Credit Card Act Passed on May 22, 2009
Otherwise known as the Credit Card Accountability, Responsibility and Disclosure Act, this law was passed in 2009 and enacted in 2010. It restricts underage card issuance, while banning double cycle billing.
If you are a resident in the United States, you may or may not know about the Credit Card Act, passed on May 22, 2009, and signed into law by President Barack Obama. This piece of legislation was passed to change the governing laws regarding credit cards, how they are processed and to protect the consumer.
The specific verbiage of this new credit card law is the Credit Card Accountability Responsibility and Disclosure Act of 2009. Built to restructure the Federal Trade Commission Act and lend more transparency to the lending practices of US credit card companies.
Even if you aren’t considering a new credit card, it’s a good idea to know how the new law affects you and your credit cards. This primer is here to provide you with the real world application of how this law affects you in real life, rather than a legal interpretation of the law.
Protect Consumers from Unfair Credit Practices
The ways in which the Credit Card Accountability Responsibility and Disclosure Act protects consumers are numerous. Here are some of the critical points of this legislature, some of which may shock you as a credit card consumer.
Quite possibly the biggest part of the Credit Card Accountability Responsibility and Disclosure Act is that credit card issuing banks are now required to notify you when there’s a significant change in your interest rate, something they weren’t required to do previously.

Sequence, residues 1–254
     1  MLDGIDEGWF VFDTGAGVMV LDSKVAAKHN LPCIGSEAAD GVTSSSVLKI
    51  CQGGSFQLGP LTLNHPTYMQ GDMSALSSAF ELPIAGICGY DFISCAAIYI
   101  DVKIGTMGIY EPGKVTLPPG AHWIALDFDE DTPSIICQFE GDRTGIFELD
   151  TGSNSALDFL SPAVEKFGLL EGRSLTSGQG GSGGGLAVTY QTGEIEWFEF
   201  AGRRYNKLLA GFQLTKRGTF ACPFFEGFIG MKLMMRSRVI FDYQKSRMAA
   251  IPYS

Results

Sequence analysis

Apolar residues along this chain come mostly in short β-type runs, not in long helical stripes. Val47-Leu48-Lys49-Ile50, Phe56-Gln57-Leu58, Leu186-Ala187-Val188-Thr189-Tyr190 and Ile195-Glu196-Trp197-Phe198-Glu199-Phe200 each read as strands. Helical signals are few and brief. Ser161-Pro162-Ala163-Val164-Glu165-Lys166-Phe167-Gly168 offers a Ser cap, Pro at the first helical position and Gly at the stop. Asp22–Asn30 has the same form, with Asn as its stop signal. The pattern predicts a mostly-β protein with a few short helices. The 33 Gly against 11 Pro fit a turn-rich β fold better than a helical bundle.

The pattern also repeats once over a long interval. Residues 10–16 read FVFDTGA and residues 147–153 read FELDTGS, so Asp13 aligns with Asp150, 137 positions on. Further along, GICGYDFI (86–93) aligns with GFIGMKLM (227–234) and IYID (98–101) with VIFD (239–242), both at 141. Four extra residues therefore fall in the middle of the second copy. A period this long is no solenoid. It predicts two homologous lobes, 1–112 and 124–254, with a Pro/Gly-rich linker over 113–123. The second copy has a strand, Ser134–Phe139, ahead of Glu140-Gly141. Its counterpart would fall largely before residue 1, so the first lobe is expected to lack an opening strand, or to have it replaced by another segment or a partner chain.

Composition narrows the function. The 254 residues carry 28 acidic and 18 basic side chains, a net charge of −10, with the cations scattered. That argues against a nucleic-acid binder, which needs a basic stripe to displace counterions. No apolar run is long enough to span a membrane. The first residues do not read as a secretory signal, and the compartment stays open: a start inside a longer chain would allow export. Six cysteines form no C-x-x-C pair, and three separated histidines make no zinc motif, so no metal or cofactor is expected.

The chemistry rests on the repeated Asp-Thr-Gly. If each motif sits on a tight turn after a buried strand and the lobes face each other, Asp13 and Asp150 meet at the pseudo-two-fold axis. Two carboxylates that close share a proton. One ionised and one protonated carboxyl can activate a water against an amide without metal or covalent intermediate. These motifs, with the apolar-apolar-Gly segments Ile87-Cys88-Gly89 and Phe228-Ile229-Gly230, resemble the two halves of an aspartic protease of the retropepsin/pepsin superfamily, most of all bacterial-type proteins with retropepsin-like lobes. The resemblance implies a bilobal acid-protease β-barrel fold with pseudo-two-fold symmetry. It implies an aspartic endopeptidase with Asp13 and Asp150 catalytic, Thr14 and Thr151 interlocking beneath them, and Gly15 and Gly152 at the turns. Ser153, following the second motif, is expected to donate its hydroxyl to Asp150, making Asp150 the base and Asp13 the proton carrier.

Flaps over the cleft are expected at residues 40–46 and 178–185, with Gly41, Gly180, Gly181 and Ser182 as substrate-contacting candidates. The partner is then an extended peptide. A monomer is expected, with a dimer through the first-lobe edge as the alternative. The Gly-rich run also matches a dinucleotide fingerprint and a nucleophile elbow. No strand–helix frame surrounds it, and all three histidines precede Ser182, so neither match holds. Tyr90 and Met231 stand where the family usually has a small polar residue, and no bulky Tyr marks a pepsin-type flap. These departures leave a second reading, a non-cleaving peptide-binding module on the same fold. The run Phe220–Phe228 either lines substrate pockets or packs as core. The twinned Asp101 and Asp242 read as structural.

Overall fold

Issuing banks or institutions must now provide at least 45 days before the rate increase is to take effect.
Retroactive Percentage Rate Increases
Credit Card issuers cannot increase your interest rate on your existing balance, unless the issuing bank disclosed this interest rate increase to you. How does this happen? Your issuing institution could offer you a credit card at an introductory price, after which it interest rate will increase after set amount of time.
If you own a variable rate credit card, there are unfortunately windows in which the issuing bank can retroactively raise your interest rate for the balance you owe. If you are more than sixty days late on a payment, this retroactive interest rate hike can also affect you.
Over Limit Charges
The new law eliminates the dreaded over-the-limit charges and fees related to overextending your line of credit. However the credit card companies are free to decline your transaction should you happen to do so.
Payment Acceptance Fees
Credit card issuers are no longer able to limit the ways in which you can pay your credit card bill. For instance, paying by mail or wire transfer can no longer be invoiced as a processing fee in your credit card bill.
Issuing banks or institutions are no longer able to charge you monthly should you fail to meet a required minimum, or simply not use your card at all.